Composer, theorist, arranger, and pianist George Russell debuted his 14-part master composition “Electronic Sonata for Souls Loved By Nature” on April 28, 1969, at a concert in Norway. The ambitious, elaborate work blended bebop, free, Asian, and blues elements, as well as electronic effects, and mixed live performance with tape and vocal segments. It was a testimony to the prowess of trumpeter Manfred Schoof, tenor saxophonist Jan Garbarek, guitarist Terje Rypdal, bassist Red Mitchell, and drummer John Christensen that they weren’t overwhelmed by the sheer weight of the experience. The digital mastering enables listeners to fully hear the disparate styles converging, and understand just how advanced Russell’s concepts were, particularly for the time. While not everything worked, the composition ranks alongside Ornette Coleman’s “Free Jazz” as one of jazz’s finest, most adventurous pieces. [source]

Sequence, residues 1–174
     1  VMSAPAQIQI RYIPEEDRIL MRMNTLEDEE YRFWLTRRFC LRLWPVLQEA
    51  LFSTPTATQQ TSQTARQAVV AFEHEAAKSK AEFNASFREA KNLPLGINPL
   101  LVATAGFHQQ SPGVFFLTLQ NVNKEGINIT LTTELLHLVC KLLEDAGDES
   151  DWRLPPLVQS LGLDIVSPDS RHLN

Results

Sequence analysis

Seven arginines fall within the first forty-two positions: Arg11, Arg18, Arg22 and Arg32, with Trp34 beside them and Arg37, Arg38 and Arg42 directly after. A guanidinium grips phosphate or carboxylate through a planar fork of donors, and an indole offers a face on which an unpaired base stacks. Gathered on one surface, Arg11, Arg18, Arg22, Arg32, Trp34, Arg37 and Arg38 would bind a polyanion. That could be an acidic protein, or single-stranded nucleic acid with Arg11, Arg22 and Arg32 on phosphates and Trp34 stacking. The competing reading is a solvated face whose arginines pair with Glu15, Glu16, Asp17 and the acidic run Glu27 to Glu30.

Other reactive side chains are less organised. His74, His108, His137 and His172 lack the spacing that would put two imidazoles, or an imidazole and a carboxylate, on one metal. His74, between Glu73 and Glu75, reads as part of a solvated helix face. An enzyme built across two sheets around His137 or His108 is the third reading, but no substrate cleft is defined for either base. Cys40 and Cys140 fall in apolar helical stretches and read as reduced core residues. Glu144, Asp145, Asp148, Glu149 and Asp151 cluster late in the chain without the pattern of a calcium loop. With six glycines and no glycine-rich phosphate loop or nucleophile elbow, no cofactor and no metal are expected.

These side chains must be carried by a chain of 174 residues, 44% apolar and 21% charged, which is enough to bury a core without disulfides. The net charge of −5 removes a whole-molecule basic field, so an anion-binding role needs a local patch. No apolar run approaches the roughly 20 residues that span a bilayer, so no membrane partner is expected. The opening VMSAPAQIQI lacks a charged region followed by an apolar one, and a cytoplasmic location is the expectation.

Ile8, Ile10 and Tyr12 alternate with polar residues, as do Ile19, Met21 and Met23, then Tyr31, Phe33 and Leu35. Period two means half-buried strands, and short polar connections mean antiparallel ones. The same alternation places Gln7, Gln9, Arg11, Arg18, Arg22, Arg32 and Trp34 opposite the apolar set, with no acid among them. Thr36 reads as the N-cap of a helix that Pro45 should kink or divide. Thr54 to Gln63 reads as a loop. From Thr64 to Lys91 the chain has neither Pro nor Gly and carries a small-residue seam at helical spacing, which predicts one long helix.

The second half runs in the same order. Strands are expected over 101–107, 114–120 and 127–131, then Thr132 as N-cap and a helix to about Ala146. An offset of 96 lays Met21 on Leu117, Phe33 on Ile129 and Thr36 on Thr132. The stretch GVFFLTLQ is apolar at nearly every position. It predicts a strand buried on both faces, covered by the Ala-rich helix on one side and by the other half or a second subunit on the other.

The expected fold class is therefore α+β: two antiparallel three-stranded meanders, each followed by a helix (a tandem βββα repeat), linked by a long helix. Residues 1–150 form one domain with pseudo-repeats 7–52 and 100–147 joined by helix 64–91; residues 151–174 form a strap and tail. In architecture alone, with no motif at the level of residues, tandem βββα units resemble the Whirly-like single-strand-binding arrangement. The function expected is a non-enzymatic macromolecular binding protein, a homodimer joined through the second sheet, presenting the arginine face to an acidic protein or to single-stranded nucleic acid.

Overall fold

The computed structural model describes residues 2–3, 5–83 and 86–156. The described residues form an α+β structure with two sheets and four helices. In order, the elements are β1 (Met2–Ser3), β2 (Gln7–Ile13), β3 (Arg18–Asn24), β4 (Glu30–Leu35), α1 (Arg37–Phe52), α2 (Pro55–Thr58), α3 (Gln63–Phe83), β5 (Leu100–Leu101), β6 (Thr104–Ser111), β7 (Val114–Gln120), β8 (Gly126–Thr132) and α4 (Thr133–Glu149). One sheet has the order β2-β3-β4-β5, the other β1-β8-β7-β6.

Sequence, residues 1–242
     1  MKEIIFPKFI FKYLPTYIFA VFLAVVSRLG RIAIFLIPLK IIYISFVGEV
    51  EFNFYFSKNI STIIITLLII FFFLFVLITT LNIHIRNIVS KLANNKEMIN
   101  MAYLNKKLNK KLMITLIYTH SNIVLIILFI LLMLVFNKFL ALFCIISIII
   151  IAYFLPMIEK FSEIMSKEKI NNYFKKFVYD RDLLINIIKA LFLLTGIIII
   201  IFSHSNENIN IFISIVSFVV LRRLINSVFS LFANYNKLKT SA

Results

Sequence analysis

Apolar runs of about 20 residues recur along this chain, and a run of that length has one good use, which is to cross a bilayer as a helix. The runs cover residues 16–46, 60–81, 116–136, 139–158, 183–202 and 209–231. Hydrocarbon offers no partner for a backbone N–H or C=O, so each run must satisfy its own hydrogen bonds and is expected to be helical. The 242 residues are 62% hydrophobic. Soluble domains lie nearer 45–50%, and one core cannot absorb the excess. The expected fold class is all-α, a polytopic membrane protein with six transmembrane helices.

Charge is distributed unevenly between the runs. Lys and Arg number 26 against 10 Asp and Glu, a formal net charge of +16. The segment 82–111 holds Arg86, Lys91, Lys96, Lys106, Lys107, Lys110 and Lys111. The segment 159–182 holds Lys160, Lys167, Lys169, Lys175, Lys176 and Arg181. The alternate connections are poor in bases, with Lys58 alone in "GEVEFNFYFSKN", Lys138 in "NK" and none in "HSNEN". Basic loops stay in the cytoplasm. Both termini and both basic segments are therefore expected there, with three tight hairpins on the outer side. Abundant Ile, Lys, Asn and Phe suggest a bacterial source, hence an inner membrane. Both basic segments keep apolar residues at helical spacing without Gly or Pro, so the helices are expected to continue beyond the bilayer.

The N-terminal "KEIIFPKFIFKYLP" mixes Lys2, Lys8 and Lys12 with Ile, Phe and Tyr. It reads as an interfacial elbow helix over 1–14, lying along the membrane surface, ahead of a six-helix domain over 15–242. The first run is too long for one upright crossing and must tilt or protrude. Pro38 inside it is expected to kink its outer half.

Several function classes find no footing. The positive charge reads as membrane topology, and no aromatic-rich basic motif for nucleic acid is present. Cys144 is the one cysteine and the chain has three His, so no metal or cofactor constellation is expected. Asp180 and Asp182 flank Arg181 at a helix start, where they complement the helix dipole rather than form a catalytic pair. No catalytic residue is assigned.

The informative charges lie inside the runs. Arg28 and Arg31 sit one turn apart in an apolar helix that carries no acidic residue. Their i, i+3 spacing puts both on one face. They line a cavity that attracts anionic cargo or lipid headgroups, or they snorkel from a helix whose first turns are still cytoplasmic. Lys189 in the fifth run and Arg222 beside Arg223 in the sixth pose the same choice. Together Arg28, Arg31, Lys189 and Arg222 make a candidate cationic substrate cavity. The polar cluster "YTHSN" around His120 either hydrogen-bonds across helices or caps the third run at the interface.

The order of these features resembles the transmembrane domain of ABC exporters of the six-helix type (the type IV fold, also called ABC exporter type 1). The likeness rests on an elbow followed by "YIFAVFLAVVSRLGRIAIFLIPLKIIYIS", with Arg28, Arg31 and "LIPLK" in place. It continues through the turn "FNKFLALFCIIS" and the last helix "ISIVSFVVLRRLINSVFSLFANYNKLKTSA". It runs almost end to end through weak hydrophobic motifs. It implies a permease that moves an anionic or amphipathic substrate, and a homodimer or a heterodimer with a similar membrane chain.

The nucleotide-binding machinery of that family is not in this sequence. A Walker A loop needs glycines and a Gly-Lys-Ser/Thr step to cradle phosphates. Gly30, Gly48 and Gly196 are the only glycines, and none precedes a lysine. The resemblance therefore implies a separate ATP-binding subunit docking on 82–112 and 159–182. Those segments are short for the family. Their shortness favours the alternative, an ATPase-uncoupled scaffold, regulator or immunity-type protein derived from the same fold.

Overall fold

Tracks: A: Part One (26:03) / B: Part Two (26:30)
Line up: Red Mitchell – Bass / Jon Christensen – Drums / Terje Rypdal – Electric Guitar / George Russel – Piano / Jan Garvarek – Tenor Saxophone / Manfred Schoof – Trumpet
Recorded live at the Sonja Henie/Niels Onstad Center For The Arts, on April 28th, 1969, at Høvikodden, near Oslo, Norway. The electronic tapes was composed in the Electronic Music Studios (EMS) of the Swedish Radio in Stockholm. The tapes of African vocals and lute was recorded by Cal Floyd in 1967 in Nile headquarters region of North Uganda. Released on Flying Dutchman in 1971.